This guide gives you a high-level introduction to the Light Protocol architecture and is a great starting point for learning the fundamentals.
There are three fundamentals that Light introduces to Solana to enable privacy:
Combined with the Light verifier architecture highlighted below, these fundamentals enable Private Solana Programs.
Let's take a quick look at each of the fundamentals before we dive into how they together enable Private Solana Programs.
Light Protocol allows on-chain state to be encrypted. Only the user can decrypt their private state; hence they essentially "own" it. Private state can be owned by a single user or a set of users sharing a decryption key.
Public elements of your program logic can remain unencrypted.
For example, consider an NFT listing on Solana; its public state (e.g., price) is visible to all, including the fact that it's up for sale. But offers and trades should remain private. So if you make an offer on my NFT, the offer remains private, encrypted to my personal account. If I accept your offer, the details of this transaction are only between us - to the rest of the world, it's merely encrypted bytes on the blockchain.
Two questions emerge from this model:
1. How do we update this private state on-chain without revealing clues about which state belongs to which user?
2. How do we validate state transitions in a manner that lets programs and validators agree to the state transition, even when it is encrypted?
Let's answer them one by one.
Solana's account model inherently leaks information about which state is updated by whom because even if you encrypt the state, you would still see which account was updated at what time. So we need an alternative.
Light Protocol's solution is simple. Instead of mutating account variables in place with each transaction, we encrypt the state in the client, send it on-chain, and append the new encrypted state to a linearly growing list.
With this, we're not updating data in place; we're simply adding to it, concealing which past state was amended with any new transaction. This approach resembles how Bitcoin does it but with an added layer of encryption.
The encrypted state emitted with each new transaction are Unspent Transaction Outputs (UTXOs).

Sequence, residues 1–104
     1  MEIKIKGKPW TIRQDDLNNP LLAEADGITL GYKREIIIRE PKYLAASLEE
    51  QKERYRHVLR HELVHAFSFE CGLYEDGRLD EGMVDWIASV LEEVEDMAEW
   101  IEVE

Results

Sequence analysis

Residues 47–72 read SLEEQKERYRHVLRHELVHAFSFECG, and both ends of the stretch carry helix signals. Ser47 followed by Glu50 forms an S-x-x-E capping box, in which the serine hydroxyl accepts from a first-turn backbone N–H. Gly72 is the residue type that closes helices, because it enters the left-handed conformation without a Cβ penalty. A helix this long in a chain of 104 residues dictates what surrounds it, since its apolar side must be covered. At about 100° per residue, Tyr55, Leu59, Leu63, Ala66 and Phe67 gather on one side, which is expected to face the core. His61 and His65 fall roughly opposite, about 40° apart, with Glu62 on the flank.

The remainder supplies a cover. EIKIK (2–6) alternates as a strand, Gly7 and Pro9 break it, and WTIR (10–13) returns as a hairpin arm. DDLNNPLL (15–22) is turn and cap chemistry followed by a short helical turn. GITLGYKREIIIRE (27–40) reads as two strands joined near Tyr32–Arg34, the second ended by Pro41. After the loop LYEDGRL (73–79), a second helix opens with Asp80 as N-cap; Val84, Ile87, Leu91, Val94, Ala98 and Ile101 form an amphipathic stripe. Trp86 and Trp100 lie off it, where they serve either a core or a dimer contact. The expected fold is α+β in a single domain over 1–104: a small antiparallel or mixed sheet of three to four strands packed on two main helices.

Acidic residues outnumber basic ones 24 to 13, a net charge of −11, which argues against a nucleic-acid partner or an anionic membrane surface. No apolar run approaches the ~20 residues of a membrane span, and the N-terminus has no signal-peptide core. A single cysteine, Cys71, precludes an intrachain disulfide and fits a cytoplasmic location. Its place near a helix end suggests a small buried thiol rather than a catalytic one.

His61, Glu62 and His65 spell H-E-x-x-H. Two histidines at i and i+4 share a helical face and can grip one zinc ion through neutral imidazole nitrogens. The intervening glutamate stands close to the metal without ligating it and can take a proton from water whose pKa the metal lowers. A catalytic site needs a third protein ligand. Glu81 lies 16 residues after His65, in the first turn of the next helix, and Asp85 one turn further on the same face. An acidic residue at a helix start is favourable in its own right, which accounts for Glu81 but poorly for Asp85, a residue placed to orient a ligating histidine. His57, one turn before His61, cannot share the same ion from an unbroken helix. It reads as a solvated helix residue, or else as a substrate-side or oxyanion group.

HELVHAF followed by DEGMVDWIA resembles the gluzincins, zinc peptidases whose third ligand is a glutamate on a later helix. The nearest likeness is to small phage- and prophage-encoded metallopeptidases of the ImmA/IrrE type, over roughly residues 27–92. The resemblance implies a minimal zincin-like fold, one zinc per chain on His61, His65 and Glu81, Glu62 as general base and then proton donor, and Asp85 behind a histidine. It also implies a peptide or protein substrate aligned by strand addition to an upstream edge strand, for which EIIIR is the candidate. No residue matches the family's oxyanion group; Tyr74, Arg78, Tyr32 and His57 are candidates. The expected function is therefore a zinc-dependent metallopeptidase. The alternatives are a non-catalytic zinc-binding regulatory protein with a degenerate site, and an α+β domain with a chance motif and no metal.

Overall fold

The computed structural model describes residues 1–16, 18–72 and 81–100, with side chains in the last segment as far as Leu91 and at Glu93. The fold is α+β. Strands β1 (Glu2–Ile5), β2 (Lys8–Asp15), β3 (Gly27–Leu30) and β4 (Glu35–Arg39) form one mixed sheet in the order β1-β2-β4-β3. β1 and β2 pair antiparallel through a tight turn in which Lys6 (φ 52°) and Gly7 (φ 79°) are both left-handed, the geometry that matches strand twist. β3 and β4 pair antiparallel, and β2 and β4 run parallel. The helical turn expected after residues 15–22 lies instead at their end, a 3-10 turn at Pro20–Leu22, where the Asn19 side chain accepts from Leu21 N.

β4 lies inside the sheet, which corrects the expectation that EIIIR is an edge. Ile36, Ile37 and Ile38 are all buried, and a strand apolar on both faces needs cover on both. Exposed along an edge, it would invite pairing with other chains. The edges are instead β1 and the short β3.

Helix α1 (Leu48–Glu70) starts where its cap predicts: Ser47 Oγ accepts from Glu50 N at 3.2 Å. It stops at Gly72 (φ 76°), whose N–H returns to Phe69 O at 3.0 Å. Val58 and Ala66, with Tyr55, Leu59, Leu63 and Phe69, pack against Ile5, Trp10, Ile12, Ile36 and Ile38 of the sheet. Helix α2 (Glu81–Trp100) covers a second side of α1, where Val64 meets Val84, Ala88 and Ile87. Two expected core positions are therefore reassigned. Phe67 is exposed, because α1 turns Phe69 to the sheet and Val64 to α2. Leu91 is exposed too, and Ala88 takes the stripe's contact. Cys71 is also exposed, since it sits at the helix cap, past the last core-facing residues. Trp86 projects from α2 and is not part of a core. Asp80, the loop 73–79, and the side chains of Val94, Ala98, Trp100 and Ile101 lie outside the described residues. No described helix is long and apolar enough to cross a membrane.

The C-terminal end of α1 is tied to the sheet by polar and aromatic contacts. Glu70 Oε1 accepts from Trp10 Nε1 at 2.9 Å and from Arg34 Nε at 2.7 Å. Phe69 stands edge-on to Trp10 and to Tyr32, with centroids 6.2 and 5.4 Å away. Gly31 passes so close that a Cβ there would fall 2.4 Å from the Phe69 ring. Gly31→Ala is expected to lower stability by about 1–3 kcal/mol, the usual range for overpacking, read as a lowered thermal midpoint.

Every Light transaction emits new UTXOs. Each UTXO has a nullifier, signaling it's been spent, and a UTXO hash (commitment), validating the UTXO. The nullifier and commitment are derived from the UTXO in a deterministic way such that on-chain observers cannot tell which UTXO they belong to unless they own the UTXO.
For example, say you want to send 1 USDC through Light Protocol. What you're actually doing is invalidating your preceding UTXO (confirming your ownership of 1 USDC) and emitting a new UTXO, encrypted to the recipient's Light account's public key. This new encrypted UTXO is then appended to the list of all UTXOs on-chain.
Your 1 USDC shifts hands without any on-chain token movement. All that's visible on-chain is the addition of a few encrypted bytes (a UTXO) to a growing list of encrypted UTXOs.
In doing so, Light Protocol essentially adds a UTXO model to Solana, ensuring the details of on-chain operations remain private because state is encrypted and state updates don't happen in place anymore.
One final puzzle to solve: how do we convince Solana validators that these client-computed state transitions are valid? Here is where zk-SNARKs come into play.
The conventional mechanism of constraint enforcement in public Solana programs involves clear-text on-chain computation over custom program logic. "Program logic" is almost always an escrow with some unique constraints.
With Light Protocol, however, the program logic can be encoded into zero-knowledge circuits on the client side. The client then generates the computation and an accurate proof. This proof is then sent on-chain, where a dedicated verifier program, crafted specifically for the circuit, checks its validity.
For example, if you're transferring tokens, the proof of rightful ownership is sent on-chain. A verifier, built by the developer to match the circuit, verifies the zk-proof without having to know the private elements of the zk-proof.
If the verification is successful, the custom verifier Program calls a built-in native system verifier, which runs additional security checks and then calls Light's Merkle tree program, inserting the new UTXOs' commitments and the invalidated UTXOs' nullifiers.
The aforementioned custom verifier program and its dedicated zero-knowledge circuit are what we call Private Solana Program (PSP). Light offers the toolkit (SDK & CLI) to construct the Program and its circuit.
PSPs are permissionless. However, Light has a range of built-in native PSPs which cover the most common use cases (e.g., token transfers), so you don't necessarily have to build a custom PSP for what you want to achieve.
After this introduction to Light, you'll probably want to do one of these two things: